All Things Saintly

Homily 217 – Second Sunday after Pentecost
Holy Transfiguration Orthodox Church, Ames, Iowa
July 3, 2016

In the Name of the Father, and of the Son, and of the Holy Spirit, One God.

When we hear the words of St. Paul talking about the saints, it is easy to have the image of the New Testament saints – the monastics in the desert, the martyrs, the confessors – to have that image in our minds.

But those aren’t the saints St. Paul is talking about.

St. Paul is speaking of the characters, the people, of the Old Testament – the people of the Law.

What is confusing, perhaps, is that we understand “saint” to be a Christian word. In fact, it is an adaptation of the Latin word meaning “set apart” or “holy”. Sanctus – sanctified.

So when we say “the Holy Apostle St. Paul”, we are actually saying “the Holy Apostle Holy Paul”.

Saying “saint” is the same as saying “Holy”. Just like saying “repent” is the same as saying “turn” or “change direction”.

We think of Saints as being great people – and they are. But they are great because they are saints, not saints because they are great.

Sainthood equates to holiness – nothing more, nothing less. In our world, we perhaps look to frequently for “signs” of sainthood – things like manifesting the uncreated light of Tabor, or performing miracles, or leaving uncorrupt relics.

Perhaps they are martyred, and find their holiness in their martyrdom.

St. Paul lists all those things, and more. The thing that we should perhaps remember is that those sufferings did not necessarily cause sainthood.

Rather, they are the result of sainthood. They are the behavior of saints.

And the reward they receive, according to St. Paul, is not something that this life provides.

In fact, the opposite. St. Paul reminds us that the Holy Ones of the Old Testament were not to receive anything ahead of we who came in Christ.

We get a taste – a foretaste – of our reward in the presence of the Holy Spirit. The indwelling of the Holy Spirit. What the Church Fathers call “theosis” or “union with God.”

The fullness of the reward is found in the Resurrection.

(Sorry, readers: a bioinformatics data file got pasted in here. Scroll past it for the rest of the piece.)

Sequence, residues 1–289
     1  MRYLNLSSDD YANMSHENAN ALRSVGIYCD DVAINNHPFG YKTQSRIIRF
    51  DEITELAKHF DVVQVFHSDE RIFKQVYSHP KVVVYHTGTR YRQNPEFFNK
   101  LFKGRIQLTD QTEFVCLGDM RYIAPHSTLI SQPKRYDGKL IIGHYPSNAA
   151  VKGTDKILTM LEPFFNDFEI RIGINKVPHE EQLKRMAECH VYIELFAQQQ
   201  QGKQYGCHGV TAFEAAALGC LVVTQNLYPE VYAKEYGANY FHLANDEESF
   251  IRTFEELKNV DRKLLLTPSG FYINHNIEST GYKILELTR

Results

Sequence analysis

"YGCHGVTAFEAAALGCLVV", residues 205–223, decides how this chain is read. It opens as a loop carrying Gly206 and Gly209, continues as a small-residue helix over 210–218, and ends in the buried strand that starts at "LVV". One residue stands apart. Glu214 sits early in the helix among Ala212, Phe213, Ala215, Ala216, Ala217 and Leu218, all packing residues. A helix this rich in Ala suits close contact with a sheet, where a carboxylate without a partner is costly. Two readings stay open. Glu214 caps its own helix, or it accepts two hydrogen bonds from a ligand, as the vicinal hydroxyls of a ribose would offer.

So – if we can’t identify Saints based on greatness, how do we identify them?

Jesus provides the answer. During our Lord’s sermon on the Mount, he gives us new commandments – new law. Except they aren’t commandments.

We call them “beatitudes.” Blessings.

We sing them at the Little Entrance for nearly every Divine Liturgy.

Blessed are the poor in spirit, for theirs is the Kingdom of Heaven!
Blessed are those who mourn, for they shall be comforted!
Blessed are the meek, for they shall inherit the earth!
Blessed are those who hunger and thirst after righteousness, for they shall be filled!
Blessed are the merciful, for they shall obtain mercy!
Blessed are the pure in heart, for they shall see God!
Blessed are the peacemakers, for they shall be called children of God!
Blessed are those who are persecuted for righteousness’ sake, for theirs is the Kingdom of Heaven!
Blessed are you when people revile you, persecute you, and say all kinds of evil against you falsely for my sake! Rejoice, and be extremely glad, for great is your reward in heaven!

Blessed. Whole. Healed.

Notice what those characteristics are. Meekness, poor in spirit, mourning, merciful, pure in heart, peacemakers.

In other words, without ego. Without self-absorption, without self-anything.

Totally and completely focused on something other than yourself. Dying to ourselves, as the Scriptures tell us.

Then, when our focus is on whatever is other than ourselves – outside of ourselves – we find God. That is the way Jesus lived. That is the way we were created to live.

We focus on our marriages. Our families. Our friends. And an ever expanding circle of people, all of whom are made in the image and likeness of God.

We don’t focus on obtaining – or retaining – wealth and material goods. Holy Basil the Great is quite explicit – the “things” in our closets, the “stuff” in our cupboards: Those belong not to us, but to the poor.

Our spare room belongs to the homeless – the traveler.

We don’t even hold on to our prestige or our reputation. We don’t create, or foster, conflict.

Because this is the path – the way – to our perfection. Perfect happiness. Perfect joy.

And in Heaven – in the Resurrection – our reward will be great.

In the Name of the Father, and of the Son, and of the Holy Spirit, One God. Glory to Jesus Christ!

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